Sherlock: A Modern-Day Interpretation

(Longtime friend of Litkicks Kelly Nagle and her daughter Allyson are so enthusiastic about a new series based on Arthur Conan Doyle’s classic detective stories that we’re running here, for the first time, an article written by a mother-daughter team. Kelly is a librarian in Tampa, Florida, and Allyson is a college student. — Levi)

Sherlock, the popular BBC series starting this week on PBS, is brilliant, witty, a must-see. It’s set in present day London. Sherlock is a little younger than usual – about twenty-something – totally uncivilized and pure genius. He’s also a self-admitted sociopath (not a psychopath, as some would have it). Watson, back from the war in Afghanistan, natch, becomes his flatmate and keeper. The rest of the favorite Holmesian characters are here: Mycroft, Mrs. Hudson (Favorite line: “I’m not your housekeeper, dear”), Inspector Lestrade and possibly even Moriarty.

There are clever references back to the original stories. In the first episode, A Study in Pink, Holmes deduces Watson’s relationship with his sibling by studying Watson’s cellphone, where as in the original A Study in Scarlet he studied Watson’s pocketwatch. Which leads to this exchange:

Watson: That was amazing.
Holmes: You think so? Not what people normally say.
Watson: What do people normally say?
Holmes: Piss off.

Right then and there, you know they’re perfect for each other.

Modern technology comes into play. Watson blogs about their adventures. Holmes uses the latest forensic techniques, a smartphone and various computers to get his precious data, and sends Watson text messages instead of telegrams when he needs him.

You get to watch Sherlock’s amazing deductive process play out right there on the screen, through words and pictures describing what he’s seeing that everyone else misses. And his gleeful excitement at the prospect of a serial killer is positively catching.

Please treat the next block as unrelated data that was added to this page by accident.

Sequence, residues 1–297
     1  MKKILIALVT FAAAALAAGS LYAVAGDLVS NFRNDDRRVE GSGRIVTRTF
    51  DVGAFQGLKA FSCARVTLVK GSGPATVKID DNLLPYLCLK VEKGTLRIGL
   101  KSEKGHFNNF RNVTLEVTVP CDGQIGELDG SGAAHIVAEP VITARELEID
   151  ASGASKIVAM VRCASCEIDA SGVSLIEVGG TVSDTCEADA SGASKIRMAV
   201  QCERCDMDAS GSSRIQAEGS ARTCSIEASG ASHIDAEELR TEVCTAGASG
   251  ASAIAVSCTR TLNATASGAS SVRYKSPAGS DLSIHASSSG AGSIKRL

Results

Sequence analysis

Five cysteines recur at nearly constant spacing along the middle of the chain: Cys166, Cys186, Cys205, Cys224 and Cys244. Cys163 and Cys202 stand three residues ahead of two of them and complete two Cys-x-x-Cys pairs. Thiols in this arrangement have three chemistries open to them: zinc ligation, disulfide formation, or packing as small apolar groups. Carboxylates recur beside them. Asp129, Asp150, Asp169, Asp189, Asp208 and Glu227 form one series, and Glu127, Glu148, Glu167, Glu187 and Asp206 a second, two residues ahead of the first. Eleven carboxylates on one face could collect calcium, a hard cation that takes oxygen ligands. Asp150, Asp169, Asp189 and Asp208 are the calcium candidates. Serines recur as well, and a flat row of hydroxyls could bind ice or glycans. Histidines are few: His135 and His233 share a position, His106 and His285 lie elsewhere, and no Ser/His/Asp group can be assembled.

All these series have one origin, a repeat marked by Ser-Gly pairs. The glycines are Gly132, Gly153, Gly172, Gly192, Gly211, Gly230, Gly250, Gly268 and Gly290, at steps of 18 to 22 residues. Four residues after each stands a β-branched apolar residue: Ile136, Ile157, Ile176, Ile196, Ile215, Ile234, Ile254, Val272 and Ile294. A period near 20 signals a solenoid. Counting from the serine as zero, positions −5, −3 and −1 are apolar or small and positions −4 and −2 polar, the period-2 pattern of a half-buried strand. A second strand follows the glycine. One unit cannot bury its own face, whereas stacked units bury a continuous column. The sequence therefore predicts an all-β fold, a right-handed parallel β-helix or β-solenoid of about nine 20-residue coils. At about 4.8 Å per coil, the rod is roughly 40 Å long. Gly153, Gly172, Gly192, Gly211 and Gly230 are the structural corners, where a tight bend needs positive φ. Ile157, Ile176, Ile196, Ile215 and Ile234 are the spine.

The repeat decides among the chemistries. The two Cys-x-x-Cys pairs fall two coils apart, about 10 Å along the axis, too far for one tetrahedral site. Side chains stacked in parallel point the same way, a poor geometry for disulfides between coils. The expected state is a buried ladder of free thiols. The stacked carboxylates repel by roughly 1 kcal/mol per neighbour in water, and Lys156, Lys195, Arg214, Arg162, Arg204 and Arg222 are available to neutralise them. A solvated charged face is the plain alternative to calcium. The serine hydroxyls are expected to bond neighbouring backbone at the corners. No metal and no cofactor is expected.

The show is stylish, fast-moving and tons of fun. It was already a big hit in England, earning Benedict Cumberpatch (who plays Holmes) many groupies and causing sales to rise for coats and scarves similar to what Holmes wears. If the PBS broadcast is your first chance to see the BBC show, don’t miss it.

And after you watch it, you can check out Watson’s blog and Sherlock’s website. courtesy of the BBC. (Contains some spoilers.)

6 Responses

  1. Kelly and Allyson, this
    Kelly and Allyson, this sounds interesting. I’ll take a look. I also thought the recent Sherlock Holmes movie, staring Robert Downey Jr., was a good modern rendition of this classic.

  2. This sounds like a groove. I
    This sounds like a groove. I have been a Sherlock Holmes fan since I was a child, when my father’s reading of the Hound of the Baskervilles gave me nightmares for a week.

    I have mentioned these readings before. My dad would round up my brother and I, and read to us in a stentorian voice. But his choice of material was perhaps not age-appropriate. He read us Beowulf, Sherlock Holmes, and The Rime of the Ancient Mariner, for example.

    My favorite was The Charge of the Light Brigade. by Tennyson. After this, my brother and I would re-enact the Crimean War in the back yard, using cardboard swords.

  3. Remakes are an endless trend.
    Remakes are an endless trend. Here comes Sherlock Holmes following Nikita.

    What more can I say?

  4. PBS rarely lets me down.
    PBS rarely lets me down. Thanks, Kelly and Allyson, for reminding me to watch this!. Nice review.

    Michael, we all probably owe your father a debt of gratitude. His readings surely played a part in sparking your talent for dissertation on formidable classics like Proust’s “Remembrance.”

  5. I watched Sherlock last night
    I watched Sherlock last night and thought it was fantastic! Very cleverly done – and much better than the Robert Downey Jr. film. As any hardcore Holmes fan will tell you, the great detective would never lower himself to a fistfight or explosives – he solves crimes using his superior intellect. The BBC version captures this perfectly.

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Litkicks will turn 30 years old in the summer of 2024! We can’t believe it ourselves. We don’t run as many blog posts about books and writers as we used to, but founder Marc Eliot Stein aka Levi Asher is busy running two podcasts. Please check out our latest work!